Christianity Has Too Many Rules Already, Don’t Give Me More!
In words designed to demotivate every writer, temper every philosopher and provide a reality check for every professor, the Teacher in Ecclesiastes noted: Of making many books there is no end, and much study wearies the body!
That aside, as part of creating the ethos for his corporate rule at Raytheon, Bill Swanson noted thirty-three sound-byte rules that he published as Swanson’s Unwritten Rules of Management. He was liberal in giving away copies and for a time you could go to his company web-site and download copies. Since he had almost 80,000 employees, it was a good idea.
The whole project can unglued when Swanson admitted that he had plagiarized the rules from a variety of sources. After that, you can no longer download copies from his site but the internet is a wonderful world, and you can still find copies in a variety of places (although the wording is gradually changing from Swanson’s version.) Apparently the major sources he used were: Dave Barry, W.J. King (an old-timer), and most surprisingly, Donald Rumsfeld (never saw that one coming but he has a lot of pithy sayings attributed to him!)
Swanson’s collection is interesting, giving useful insights on things that make working together easier and more effective. We could consider them to be a modern collection of proverbs with interesting insights. Take a look at the list and see if many of them could help us work together better. It’s okay, you won’t get sucked into “worldly wisdom” but you will be able to link many of them to ideas found in the Bible.
Which ones grab your attention?
Swanson’s Unwritten Rules of Management
- Learn to say, “I don’t know.” If used when appropriate, it will be often.
- It is easier to get into something than it is to get out of it.
- If you are not criticized, you may not be doing much.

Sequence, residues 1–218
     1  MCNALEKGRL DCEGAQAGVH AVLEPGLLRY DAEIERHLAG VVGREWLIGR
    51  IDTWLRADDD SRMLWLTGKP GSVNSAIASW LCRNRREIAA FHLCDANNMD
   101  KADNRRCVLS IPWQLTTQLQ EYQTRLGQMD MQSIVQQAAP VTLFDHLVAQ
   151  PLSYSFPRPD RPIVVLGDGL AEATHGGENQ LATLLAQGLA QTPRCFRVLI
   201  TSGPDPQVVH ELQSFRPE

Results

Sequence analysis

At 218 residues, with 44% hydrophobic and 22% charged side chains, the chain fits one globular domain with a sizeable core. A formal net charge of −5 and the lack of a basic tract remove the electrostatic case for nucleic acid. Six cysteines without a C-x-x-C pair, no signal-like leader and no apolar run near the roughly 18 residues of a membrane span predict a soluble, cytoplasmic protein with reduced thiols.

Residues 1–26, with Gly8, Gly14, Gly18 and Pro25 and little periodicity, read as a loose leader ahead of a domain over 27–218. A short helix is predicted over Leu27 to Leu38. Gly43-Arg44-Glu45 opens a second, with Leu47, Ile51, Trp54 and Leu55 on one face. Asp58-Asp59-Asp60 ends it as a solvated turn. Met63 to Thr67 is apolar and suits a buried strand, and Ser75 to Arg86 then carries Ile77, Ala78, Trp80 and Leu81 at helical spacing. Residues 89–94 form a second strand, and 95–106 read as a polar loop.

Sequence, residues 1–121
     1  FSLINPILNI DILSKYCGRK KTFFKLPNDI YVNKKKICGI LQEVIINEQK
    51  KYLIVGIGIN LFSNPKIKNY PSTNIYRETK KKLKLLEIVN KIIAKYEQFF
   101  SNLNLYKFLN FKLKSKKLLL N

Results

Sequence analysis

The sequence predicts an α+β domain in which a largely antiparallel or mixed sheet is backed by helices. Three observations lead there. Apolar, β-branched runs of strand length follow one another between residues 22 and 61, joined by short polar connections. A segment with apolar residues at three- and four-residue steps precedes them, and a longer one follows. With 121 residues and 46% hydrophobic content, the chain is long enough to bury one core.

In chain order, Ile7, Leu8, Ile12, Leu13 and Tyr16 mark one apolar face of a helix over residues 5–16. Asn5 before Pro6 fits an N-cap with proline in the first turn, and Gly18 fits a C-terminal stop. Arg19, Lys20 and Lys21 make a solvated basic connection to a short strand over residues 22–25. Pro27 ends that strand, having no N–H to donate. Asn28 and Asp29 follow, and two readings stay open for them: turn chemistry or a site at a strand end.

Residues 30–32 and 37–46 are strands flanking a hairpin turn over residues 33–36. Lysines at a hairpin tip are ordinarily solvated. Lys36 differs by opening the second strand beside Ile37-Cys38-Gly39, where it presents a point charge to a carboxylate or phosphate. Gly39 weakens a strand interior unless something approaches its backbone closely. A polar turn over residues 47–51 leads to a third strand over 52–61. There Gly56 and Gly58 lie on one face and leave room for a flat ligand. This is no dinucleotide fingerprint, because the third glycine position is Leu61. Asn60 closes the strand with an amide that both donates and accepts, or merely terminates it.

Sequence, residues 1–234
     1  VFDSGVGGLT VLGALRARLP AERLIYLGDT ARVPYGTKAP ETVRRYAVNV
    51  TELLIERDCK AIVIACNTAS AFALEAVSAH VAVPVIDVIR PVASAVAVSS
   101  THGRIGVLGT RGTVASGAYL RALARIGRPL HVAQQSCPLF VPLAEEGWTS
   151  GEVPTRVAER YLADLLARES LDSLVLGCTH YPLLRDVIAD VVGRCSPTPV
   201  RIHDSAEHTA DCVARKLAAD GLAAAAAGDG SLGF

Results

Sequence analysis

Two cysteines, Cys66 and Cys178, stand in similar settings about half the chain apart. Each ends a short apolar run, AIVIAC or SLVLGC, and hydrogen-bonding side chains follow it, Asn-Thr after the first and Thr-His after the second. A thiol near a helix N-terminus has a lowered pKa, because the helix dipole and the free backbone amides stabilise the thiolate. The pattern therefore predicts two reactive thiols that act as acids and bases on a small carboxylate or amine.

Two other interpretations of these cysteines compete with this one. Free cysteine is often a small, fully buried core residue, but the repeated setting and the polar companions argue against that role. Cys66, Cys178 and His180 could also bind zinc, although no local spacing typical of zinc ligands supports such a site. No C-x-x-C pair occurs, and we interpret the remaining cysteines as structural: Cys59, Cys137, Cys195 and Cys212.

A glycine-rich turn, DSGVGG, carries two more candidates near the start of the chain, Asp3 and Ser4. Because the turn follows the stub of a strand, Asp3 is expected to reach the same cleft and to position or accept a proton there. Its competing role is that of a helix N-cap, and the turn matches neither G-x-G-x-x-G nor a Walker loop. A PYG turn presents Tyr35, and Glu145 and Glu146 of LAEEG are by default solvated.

- Look for what is missing. Many know how to improve what’s there, but few can see what isn’t there.
- Presentation rule: When something appears in a Powerpoint presentation,
assume the world knows about it, and deal with it accordingly.
- Work for a boss with whom you are comfortable telling it like it is. Remember that you can’t pick your relatives, but you can pick your boss.
- Constantly review developments to make sure that the actual benefits are what they are supposed to be. Avoid Newton’s Law.
- However menial and trivial your early assignments may appear, give them your best efforts.
- Persistence or tenacity is the disposition to persevere in spite of difficulties,
discouragement, or indifference. Don’t be known as a good starter but a poor finisher.
- In completing a project, don’t wait for others; go after them, and make sure it gets done.
- Confirm your instructions and the commitments of others in writing. Don’t assume it will get done!
- Don’t be timid; speak up. Express yourself, and promote your ideas.
- Practice shows that those who speak the most knowingly and confidently often end up with the assignment to get it done.
- Strive for brevity and clarity in oral and written reports.
- Be extremely careful to be accurate in your statements.
- Don’t overlook the fact that you are working for a boss. Keep him or her informed. Avoid surprises! Whatever the boss wants, within the bounds of integrity, takes top priority.
- Promises, schedules, and estimates are important instruments in a well-ordered business. You must make promises. Don’t make excuses.
- Never direct a complaint to the top. A serious offense is to “cc” a person’s boss on a complaint before the person has had a chance to respond to it.
- When dealing with outsiders, remember that you represent the company. Be careful of your commitments.
- Cultivate the habit of “boiling matters down” to the simplest terms. An elevator speech is the best way.
- Don’t get excited in engineering emergencies. Keep your feet on the ground.
- Cultivate the habit of making quick, clean-cut decisions.
- When making decisions, the pros are much easier to deal with than the cons. Your boss needs to see both.
- Don’t ever lose your sense of humor.
- Have fun at what you do. It will reflect in your work. No one likes a grump.
- Treat the name of your company as if it were your own.
- Beg for the bad news.
- You remember 1/3 of what you read, 1/2 of what people tell you (he’s being generous!) but 100% of what you feel.
- You can’t polish a sneaker.
- When facing issues or problems that are becoming drawn-out “short them to the ground.”
- When faced with decisions, try to look at them as if you were one level up in the organization. Your perspective will quickly change.
- A person who is nice to you but rude to the waiter, or to others, is not a nice person. This rule never fails, there are no exceptions.
- Never be afraid to try something new. Remember it was an amateur who built the ark (which survived a flood) while a team of professionals built the Titanic (we know what happened to it!)
P.S. The qualities of leadership boil down to confidence, dedication, integrity and love.
Posted on April 25, 2012, in Leadership, Relationships and tagged corporate survival skills, healthy relationships, management skills, modern proverbs, productivity, Raytheon, Swanson. Bookmark the permalink. 5 Comments.